Guest Author - Nicki Heskin
Since I have become a Certified Lactation Educator, often when I have mentioned this to another mother, the response has been surprisingly consistent. Most commonly I hear something like, "It's so great that you are doing that…I never could have been successful breastfeeding if it wasn't for ________." (Fill in "my lactation consultant," "my support group," "my breastfeeding friends," etc. here.)
As I've mentioned in articles before, my story was the same. I was able to establish breastfeeding only with the help of my Lactation Consultants, and really embraced breastfeeding through attending the twice weekly support group they ran at their lactation center. As an added bonus, I made friends there that I still have (in fact, our family had lunch today with her oldest friend that she met at 8 months old in our support group).
Breastfeeding through the first year or longer is a commitment. There are numerous questions that arise along the way and numerous anxieties over milk supply, nursing habits, pumping, weaning and more. Some common concerns may not arise for weeks or even months after establishing breastfeeding. Women will be more likely to succeed if they found a support system of other nursing mothers. Ideally, this network will include access, when needed, to a trained lactation professional or volunteer.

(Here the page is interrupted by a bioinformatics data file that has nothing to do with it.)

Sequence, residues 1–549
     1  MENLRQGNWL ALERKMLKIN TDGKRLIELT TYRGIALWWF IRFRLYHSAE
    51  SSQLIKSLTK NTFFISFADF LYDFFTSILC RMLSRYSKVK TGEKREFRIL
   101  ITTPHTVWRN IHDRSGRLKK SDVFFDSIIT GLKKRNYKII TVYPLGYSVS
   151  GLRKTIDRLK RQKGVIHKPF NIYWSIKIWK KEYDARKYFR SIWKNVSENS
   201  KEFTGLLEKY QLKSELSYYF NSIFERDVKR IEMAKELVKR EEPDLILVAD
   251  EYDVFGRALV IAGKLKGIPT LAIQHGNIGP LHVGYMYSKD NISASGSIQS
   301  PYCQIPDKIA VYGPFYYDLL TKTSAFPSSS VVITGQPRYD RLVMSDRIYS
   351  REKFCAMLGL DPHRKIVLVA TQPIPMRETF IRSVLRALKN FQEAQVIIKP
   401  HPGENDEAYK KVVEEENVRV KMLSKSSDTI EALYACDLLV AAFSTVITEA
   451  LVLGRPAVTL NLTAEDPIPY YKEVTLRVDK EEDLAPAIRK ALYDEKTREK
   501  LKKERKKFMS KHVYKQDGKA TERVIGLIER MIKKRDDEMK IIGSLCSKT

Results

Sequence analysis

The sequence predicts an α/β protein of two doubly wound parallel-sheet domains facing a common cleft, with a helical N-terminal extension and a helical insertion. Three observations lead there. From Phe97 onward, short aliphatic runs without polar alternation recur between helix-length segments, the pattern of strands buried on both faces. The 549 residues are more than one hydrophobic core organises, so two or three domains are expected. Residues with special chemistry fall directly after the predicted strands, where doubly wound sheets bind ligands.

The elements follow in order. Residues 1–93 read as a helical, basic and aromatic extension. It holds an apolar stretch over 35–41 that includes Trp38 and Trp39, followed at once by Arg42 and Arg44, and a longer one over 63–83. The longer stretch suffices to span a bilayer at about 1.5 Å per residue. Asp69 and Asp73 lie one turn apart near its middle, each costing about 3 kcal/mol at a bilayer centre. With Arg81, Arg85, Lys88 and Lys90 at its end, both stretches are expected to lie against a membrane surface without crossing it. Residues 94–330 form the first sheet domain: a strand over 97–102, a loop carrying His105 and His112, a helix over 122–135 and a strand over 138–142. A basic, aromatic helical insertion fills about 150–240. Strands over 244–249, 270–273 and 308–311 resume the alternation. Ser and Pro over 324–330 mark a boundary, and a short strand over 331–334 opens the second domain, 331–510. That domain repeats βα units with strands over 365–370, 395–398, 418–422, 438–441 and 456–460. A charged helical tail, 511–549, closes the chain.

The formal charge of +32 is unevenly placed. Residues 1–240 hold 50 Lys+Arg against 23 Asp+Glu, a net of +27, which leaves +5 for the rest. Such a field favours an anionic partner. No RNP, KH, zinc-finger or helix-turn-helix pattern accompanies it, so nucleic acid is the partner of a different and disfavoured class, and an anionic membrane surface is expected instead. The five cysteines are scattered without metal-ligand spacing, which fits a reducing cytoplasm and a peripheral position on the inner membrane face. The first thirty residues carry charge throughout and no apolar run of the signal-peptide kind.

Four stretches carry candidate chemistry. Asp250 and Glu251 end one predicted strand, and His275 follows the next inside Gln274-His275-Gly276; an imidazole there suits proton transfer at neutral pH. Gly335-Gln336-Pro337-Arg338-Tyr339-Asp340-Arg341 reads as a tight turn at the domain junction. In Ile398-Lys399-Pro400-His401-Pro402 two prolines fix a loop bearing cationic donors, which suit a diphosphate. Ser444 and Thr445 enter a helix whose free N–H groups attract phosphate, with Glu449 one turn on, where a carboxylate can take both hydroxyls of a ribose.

I've always found it odd that as expectant mothers, we spend months and months preparing for the relatively short experience of birth (which is great, I'm certainly not downplaying the value of birth education), taking classes and reading books. But we spend little to no time preparing for breastfeeding, which is, essentially, our primary and most important job after the baby arrives.
The reality is that there is only so much preparation that can really go on. It is certainly helpful to learn about proper latch and positioning, as well as information on establishing breastfeeding in the first days and weeks. But none of this can truly prepare us for those first experiences putting baby to breast, and for our own unique physiology and influences that will impact that experience for mother and baby.
This is why it is important to have support available after the baby arrives. Knowing where to find a local support group, having the phone number of experienced nursing mothers and being aware of resources for professional lactation support just in case is so important. There are certainly mothers and babies out there who just latch on and nurse away. Others may need a little help.
But wherever a family is on the spectrum of breastfeeding ease at the start, a support network will help a mother to feel confident in her ability to nourish her baby and comfortable negotiating any challenges that may arise. I feel so lucky to have had that support when I needed it, that I felt the call to "pay it forward" by being of service to other mothers through this BellaOnline site, and ultimately receiving a formal education and certification. And I've feel so honored when I've received email from my readers letting me know how my support has positively influenced their breastfeeding experience.
Those who work or volunteer in lactation support do so to help other mothers, from those just starting out to those exploring extended nursing.
If you are reading this article, I'm proud to be a part of your breastfeeding support network. Please feel free to contact me or post your questions or comments, or offer support to other mothers in the BellaOnline Breastfeeding Forum, using the links to the right of this article.
Looking for great breastfeeding support books? Here are two of my favorites: